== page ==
JavaScript Coercion for Fun and Performance

JavaScript has a lot of curious quirks, its unusual coercion rules are one of them. Here are some examples:

1 + '2' //=> "12"
1 - '2' //=> -1
1 / '2' //=> 0.5
3 * '2' //=> 6

In the first case, the 1 is coerced into a string, in all the others, the second operand is coerced into a number. Curious indeed, but what about some of the unary operations?

It turns out that the unary + is actually pretty handy:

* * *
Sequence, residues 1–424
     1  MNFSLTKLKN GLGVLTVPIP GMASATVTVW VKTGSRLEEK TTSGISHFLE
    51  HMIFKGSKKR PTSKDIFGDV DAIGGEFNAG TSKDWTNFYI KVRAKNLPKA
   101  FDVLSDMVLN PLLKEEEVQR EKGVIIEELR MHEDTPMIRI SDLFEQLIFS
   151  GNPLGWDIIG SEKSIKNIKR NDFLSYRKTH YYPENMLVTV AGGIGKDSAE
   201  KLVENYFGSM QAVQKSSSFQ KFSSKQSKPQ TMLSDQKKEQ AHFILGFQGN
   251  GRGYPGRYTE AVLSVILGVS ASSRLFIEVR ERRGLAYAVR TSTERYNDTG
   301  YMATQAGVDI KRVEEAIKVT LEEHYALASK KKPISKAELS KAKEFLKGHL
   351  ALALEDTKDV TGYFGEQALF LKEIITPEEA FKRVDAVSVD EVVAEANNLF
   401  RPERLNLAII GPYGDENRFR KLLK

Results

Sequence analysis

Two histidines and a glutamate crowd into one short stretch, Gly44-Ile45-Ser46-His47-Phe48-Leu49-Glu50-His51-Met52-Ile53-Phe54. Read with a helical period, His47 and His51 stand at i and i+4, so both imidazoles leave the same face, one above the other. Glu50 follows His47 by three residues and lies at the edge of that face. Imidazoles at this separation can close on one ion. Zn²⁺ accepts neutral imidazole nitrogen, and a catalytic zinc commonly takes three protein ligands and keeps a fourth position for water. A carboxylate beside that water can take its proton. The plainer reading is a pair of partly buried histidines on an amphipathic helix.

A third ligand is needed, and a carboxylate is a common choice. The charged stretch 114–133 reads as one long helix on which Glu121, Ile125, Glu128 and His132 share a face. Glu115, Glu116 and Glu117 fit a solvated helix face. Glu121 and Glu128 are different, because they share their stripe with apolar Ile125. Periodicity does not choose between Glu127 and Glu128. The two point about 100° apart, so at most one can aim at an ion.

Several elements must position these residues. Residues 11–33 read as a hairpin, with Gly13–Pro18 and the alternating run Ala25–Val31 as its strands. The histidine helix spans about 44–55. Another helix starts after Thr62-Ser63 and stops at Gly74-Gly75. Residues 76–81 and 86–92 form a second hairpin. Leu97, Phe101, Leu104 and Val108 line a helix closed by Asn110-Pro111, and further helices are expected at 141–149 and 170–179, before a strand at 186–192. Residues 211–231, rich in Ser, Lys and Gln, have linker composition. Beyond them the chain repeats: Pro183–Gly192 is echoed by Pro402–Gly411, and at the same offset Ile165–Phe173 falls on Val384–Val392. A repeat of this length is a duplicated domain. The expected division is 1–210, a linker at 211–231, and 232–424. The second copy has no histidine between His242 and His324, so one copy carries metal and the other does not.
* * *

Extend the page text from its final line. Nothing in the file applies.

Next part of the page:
+'7'    //=> 7
+'7.5'  //=> 7.5
+'-7.5' //=> -7.5
+'011'  //=> 11
+' 11'  //=> 11

It behaves the same as parseFloat in all of the above cases. The one difference I've found is how they handle numbers with commas:

parseFloat('1,000.00')  //=> 1
+'1,000.00'             //=> NaN

Neither result is really what I would have expected, but the unary + is arguably a bit safer. If you're curious there is a nice annotated version of the ECMAScript 5.1 spec detailing this behavior.

Interestingly enough, it turns out that in most browsers I tested, the unary + is actually faster than parseFloat.
Try it for yourself, you might be surprised.

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